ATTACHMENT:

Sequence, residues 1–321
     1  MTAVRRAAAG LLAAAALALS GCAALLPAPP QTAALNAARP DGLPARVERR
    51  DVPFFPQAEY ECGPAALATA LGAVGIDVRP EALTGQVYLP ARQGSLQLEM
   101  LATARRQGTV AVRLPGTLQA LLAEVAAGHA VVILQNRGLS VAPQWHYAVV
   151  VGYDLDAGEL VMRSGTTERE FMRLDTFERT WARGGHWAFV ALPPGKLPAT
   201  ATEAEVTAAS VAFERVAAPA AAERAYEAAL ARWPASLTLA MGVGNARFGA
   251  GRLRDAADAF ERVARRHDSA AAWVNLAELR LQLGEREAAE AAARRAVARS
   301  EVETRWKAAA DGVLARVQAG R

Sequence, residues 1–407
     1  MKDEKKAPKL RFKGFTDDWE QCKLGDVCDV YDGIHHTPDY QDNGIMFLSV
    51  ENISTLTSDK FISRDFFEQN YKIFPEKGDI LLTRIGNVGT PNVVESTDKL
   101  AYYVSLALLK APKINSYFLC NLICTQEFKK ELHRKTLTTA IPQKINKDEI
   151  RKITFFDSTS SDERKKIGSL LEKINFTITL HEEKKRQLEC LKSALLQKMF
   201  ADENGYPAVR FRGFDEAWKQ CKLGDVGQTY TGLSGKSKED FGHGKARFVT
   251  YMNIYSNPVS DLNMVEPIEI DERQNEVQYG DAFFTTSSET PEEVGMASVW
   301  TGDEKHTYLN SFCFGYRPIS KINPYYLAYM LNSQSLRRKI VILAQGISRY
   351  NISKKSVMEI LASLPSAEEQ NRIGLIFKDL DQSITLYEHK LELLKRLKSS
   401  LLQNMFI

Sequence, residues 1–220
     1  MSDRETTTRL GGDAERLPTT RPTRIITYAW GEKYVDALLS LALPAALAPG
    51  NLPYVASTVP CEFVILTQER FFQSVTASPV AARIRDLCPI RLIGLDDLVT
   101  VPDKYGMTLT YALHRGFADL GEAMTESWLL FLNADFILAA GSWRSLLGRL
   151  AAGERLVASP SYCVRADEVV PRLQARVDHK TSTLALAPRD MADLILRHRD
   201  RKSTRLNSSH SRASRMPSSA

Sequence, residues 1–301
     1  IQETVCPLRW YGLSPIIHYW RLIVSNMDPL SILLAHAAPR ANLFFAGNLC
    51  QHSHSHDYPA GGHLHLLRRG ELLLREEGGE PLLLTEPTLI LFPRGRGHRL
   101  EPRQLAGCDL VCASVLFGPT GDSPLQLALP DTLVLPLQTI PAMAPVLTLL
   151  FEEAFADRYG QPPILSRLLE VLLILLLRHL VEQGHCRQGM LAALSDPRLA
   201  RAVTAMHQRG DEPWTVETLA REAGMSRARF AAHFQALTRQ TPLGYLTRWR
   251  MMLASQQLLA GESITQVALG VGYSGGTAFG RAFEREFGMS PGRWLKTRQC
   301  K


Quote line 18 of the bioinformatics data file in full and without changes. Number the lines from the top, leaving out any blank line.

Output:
   401  LLQNMFI